I was bought an acoustic guitar in 1990 and started attempting to write songs straight away. I played my first gig of (poor) original music in 1991, by that point I’d acquired an electric and a wah pedal. Not many weeks have passed since when I haven’t been doing something musical.

Can you tell us what you've been wo
rking on and what you've got forthcoming in the near future (new releases, tour, etc)?

My main focus this past year has been my new band You Walk Through Walls, we’ve just finished our debut EP. It will be out this summer via Club AC30.

It’s still me writing the songs, playing guitar and singing (and Air Formation’s James drumming), although I have made a concerted effort to try and make things different there are always going to be th
e obvious comparisons. The whole band dynamic feels totally different though and I’ve enjoyed following a different path with different ideas being brought to the table.

Do you consider your music to be part of the current shoegaze/dream pop scene, or any scene? Defining one's sound by genre can be tiresome, but do you feel that the band identifies closely with any genre? How do you feel about genres in music, in a general sense?

There was no getting away from the fact that Air Formation was a shoegaze band. My solo albums are droney and experimental, You Walk Through Walls certainly contains some of those elements and is signed to Club AC30. However I’ve never really felt part of any movement or scene as I’ve always just done my own thing regardle
ss. I suppose the closest I came to that was in the early days of AC30 but all those bands have gone now…

We all need something to guide us now and again so of course genres are important, music will always be labelled; it always has. I’m pretty sure Air Forma
tion did fairly well off the back of the Shoegaze label; I’m not sure how anyone would have heard us without it.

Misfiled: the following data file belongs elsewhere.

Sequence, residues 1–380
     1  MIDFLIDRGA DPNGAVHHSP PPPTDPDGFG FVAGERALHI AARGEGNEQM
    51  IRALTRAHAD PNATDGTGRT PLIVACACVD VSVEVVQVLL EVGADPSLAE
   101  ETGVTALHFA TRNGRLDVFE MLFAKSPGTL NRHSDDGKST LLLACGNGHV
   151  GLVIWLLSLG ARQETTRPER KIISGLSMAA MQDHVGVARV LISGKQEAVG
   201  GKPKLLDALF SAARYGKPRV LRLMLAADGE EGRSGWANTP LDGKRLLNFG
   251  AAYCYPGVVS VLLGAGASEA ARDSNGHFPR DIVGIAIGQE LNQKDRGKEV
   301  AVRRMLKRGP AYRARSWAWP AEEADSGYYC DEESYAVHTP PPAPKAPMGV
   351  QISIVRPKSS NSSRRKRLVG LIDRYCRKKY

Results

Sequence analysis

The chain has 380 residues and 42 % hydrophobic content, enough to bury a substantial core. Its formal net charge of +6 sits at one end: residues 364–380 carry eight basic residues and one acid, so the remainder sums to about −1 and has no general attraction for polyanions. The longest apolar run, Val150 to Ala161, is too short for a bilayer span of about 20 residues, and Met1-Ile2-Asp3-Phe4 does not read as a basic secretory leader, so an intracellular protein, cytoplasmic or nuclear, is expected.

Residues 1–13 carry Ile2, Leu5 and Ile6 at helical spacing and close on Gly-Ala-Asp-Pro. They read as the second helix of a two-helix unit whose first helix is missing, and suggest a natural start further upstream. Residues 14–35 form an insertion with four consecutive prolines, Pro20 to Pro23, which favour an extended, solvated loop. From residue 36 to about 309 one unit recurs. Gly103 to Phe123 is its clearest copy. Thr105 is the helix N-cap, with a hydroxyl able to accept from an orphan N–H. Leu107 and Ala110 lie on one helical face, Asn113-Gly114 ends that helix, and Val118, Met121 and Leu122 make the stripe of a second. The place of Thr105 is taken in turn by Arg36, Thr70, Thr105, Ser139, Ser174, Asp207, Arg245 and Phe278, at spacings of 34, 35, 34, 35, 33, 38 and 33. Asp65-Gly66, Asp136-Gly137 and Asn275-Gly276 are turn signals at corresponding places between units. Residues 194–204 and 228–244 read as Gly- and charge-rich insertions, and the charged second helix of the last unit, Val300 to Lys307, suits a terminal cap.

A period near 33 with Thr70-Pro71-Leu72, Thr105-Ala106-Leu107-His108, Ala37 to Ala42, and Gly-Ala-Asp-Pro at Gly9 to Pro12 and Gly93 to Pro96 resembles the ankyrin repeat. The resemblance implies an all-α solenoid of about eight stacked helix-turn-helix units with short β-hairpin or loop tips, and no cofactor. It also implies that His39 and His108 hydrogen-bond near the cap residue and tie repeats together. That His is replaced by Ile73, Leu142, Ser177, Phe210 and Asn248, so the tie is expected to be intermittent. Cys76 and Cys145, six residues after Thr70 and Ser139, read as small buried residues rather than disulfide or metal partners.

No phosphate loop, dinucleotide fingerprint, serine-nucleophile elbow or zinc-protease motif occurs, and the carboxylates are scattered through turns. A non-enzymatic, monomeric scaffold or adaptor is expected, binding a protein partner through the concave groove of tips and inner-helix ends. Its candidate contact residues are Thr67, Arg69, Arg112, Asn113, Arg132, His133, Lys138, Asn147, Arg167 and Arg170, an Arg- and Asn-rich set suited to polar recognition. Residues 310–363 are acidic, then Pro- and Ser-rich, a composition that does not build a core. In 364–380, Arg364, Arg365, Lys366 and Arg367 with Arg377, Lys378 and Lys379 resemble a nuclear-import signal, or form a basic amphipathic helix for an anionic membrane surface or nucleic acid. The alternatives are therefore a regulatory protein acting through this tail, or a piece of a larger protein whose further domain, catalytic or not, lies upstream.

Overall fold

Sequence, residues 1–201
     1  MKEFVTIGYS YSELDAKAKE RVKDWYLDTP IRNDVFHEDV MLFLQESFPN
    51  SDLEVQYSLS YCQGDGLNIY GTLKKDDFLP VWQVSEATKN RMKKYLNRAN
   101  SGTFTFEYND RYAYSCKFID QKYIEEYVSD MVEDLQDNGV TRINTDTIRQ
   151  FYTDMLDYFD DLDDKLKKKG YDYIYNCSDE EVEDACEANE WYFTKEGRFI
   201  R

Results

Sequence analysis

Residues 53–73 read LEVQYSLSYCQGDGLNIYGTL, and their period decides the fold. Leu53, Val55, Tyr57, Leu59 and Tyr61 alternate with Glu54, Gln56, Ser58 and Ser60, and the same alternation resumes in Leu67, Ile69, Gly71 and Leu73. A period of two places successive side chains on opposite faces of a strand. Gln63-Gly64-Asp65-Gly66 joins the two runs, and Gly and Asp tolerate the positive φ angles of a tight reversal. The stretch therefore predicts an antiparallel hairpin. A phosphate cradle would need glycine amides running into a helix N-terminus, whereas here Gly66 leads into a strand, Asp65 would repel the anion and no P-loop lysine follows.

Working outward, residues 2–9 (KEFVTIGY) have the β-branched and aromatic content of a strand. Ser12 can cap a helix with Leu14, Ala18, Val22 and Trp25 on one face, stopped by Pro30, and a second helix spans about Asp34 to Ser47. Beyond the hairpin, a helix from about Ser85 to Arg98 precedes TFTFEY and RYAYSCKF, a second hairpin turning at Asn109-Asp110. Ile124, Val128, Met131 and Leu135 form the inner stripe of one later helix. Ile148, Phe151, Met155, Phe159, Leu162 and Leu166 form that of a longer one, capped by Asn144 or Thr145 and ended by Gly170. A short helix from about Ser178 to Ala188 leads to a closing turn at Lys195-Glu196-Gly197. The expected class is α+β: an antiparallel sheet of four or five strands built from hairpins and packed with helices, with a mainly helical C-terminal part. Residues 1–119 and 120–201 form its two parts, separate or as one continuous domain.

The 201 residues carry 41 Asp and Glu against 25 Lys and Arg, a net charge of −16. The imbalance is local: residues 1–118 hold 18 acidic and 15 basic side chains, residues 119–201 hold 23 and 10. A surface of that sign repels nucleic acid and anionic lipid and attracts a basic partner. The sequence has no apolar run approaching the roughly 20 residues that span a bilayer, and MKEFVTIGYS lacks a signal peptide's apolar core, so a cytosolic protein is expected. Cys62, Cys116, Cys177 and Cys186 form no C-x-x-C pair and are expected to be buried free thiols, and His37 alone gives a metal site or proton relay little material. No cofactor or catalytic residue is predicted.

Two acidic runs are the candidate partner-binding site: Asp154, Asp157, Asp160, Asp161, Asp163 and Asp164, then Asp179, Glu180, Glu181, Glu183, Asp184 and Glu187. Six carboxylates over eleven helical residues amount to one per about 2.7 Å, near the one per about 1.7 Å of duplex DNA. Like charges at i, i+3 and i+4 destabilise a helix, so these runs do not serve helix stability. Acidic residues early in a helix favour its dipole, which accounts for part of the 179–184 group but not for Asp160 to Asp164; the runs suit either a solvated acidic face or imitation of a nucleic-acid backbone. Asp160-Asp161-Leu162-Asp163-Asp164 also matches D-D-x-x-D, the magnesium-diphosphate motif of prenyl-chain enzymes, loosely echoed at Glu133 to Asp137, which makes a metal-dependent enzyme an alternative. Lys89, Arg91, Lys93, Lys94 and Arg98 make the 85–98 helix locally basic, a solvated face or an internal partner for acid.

Air Formation. Cold Morning.

What do you think of modern shoegaze/dream pop/psychedelia artists, any favorites?

I don’t really follow it too closely and I’ve never been a massive Shoegaze fan in the traditional sense, especially the twee “dream pop” side to it. I’ve always preferred the likes of Flying Saucer Attack, The Cure, Spiritualized, A Place to Bury Strangers… bands that have ethereal elements but take it somewhere else. Currently I’m really enjoying the first couple of singles from Toy and The Megaphonic Thrift's latest LP; they’re also
a fantastic live band…

What is the most important piece of gear for your sound? Any particular guitars/pedals/amps that you prefer?

I bought my first Jazzmaster in 1998, over the years it’s become my guitar of choice and feels a bit odd playing anything else, especially live. I guess it’s mainly to do with its size/shape and the way it interacts with the rest of my set up. I do own and use Jaguars and Telecasters that I record with, they help to add different tones and dynamics.

I love guitars but have never been a massive pedal geek, I’ve always used a very basic pedal set up. My current set up includes a couple of analogue delays with modulation, a RAT distortion; a couple of ‘Tube Screamer’ clones that I made and an E/X Cathedral reverb unit. It’s been pretty similar for years.

A big part of Air Formation’s sound was simply down to a Line 6 Delay Modeler that I used a hell of a lot (especially on Daylight Storms) and Richard’s keyboards (Micro-Korg & a Roland string module). Together they made a pretty heady wall of sound.

What is your process for recording your music? What gear and/or software do you use? What would you recommend for others?

To record we go to Pat Collier’s studio in London and record live as a band, it’s a really great place to work. Pat recorded and produced some of my favourite records from my youth so obviously really knows what he’s doing and most importantly understands what I’m trying to do. He pretty much lets us get on with it but helps us with ideas as and when he feels we need it.